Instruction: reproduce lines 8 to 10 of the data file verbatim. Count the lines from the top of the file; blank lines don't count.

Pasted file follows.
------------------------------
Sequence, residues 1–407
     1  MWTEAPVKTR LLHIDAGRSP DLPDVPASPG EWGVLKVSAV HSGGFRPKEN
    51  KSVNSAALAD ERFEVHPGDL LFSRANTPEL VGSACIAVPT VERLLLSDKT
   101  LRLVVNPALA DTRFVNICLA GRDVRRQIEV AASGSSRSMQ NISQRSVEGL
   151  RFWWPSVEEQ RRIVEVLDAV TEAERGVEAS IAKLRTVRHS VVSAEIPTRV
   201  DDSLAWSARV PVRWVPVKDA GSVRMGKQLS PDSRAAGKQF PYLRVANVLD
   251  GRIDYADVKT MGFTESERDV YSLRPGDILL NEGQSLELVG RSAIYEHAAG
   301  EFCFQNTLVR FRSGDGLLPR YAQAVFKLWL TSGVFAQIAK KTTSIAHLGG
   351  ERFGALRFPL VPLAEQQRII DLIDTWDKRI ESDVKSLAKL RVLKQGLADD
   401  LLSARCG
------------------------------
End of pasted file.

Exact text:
   301  EFCFQNTLVR FRSGDGLLPR YAQAVFKLWL TSGVFAQIAK KTTSIAHLGG
   351  ERFGALRFPL VPLAEQQRII DLIDTWDKRI ESDVKSLAKL RVLKQGLADD
   401  LLSARCG